A new publication from the European Commission describes initiatives that have been successfully implemented across Europe to promote energy efficiency.
In the introduction to the publication, European Commissioner for Climate Action and Energy Miguel Arias Cañete writes, 'the cheapest energy, the cleanest energy, the most secure energy is the energy that is not used at all. Energy efficiency needs to be considered as a source of energy in its own right. It is one of the most cost effective ways to support the transition to a low carbon economy and to prompt further investment opportunities and to create growth and employment.'
The publication highlights examples of energy efficiency good practice applicable to buildings, industrial processes and services, as well as energy efficiency regulations for products sold in the EU. It also focuses on the different sources of funding available for energy efficiency investments. It can be read online , and paper copies will also be available at EU libraries, documentation centres, and national and regional representations.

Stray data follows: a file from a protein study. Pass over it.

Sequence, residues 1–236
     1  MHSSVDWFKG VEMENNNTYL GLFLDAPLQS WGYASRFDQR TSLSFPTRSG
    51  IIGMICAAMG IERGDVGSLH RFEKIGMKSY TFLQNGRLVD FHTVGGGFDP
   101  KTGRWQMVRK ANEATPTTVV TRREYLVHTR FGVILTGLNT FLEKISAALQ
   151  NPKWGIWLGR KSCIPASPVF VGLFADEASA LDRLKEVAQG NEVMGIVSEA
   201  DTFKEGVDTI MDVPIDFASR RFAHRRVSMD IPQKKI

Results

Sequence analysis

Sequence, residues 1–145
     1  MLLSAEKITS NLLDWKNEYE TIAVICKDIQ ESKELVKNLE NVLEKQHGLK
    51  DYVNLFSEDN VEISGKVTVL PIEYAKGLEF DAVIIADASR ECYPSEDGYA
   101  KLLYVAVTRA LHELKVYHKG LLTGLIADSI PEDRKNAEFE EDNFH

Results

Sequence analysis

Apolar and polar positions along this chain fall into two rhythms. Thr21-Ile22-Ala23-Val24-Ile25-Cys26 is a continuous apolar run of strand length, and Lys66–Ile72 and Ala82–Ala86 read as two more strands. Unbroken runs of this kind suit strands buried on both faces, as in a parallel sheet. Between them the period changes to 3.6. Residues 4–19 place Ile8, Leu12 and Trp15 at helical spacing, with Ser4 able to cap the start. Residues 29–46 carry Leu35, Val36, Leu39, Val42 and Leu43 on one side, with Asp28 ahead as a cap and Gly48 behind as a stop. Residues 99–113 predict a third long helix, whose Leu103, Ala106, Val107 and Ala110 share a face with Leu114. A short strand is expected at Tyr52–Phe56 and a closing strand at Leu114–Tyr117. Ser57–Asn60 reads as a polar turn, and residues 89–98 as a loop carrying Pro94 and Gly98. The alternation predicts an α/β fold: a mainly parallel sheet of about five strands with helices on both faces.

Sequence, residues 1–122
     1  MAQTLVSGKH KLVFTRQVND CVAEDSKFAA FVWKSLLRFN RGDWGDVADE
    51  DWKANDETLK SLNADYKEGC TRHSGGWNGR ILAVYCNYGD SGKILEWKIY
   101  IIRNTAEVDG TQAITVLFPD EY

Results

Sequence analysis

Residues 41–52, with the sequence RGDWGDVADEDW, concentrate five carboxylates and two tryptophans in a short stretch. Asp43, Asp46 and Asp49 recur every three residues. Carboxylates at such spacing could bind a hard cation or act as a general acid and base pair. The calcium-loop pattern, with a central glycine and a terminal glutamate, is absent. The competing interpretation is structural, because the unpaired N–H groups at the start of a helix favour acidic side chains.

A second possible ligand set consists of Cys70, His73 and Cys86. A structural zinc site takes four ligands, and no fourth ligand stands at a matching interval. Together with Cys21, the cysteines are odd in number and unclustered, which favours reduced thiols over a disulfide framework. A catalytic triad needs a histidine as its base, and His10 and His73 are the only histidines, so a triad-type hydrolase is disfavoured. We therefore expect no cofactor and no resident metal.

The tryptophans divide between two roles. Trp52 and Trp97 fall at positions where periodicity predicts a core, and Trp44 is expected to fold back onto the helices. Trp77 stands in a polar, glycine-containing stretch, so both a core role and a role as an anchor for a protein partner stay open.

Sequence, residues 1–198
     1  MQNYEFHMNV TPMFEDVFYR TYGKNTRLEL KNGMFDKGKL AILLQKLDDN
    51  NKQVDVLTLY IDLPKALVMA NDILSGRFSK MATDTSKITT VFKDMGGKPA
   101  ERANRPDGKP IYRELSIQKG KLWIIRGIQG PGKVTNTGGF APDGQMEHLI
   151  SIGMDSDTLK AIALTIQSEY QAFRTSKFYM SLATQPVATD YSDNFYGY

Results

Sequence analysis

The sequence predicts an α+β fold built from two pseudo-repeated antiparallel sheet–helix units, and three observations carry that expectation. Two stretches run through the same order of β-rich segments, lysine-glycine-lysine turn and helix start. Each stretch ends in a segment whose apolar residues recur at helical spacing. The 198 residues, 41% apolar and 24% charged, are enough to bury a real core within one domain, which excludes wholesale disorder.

The publication is aimed at public authorities implementing energy efficiency policies and, more generally, everyone with an interest in energy efficiency. It reviews the successful measures that EU countries have put in place to promote energy efficiency and to implement EU energy efficiency legislation. These include national energy efficiency obligation schemes, that require action to be taken in each EU country to save energy, and energy performance requirements for buildings. It also covers the implementation of ecodesign and energy labelling requirements. These apply to many everyday products sold in Europe and will result in energy savings of around 175 Mtoe (million tonnes of oil equivalent) by 2020, roughly equivalent to the annual primary energy consumption of Italy.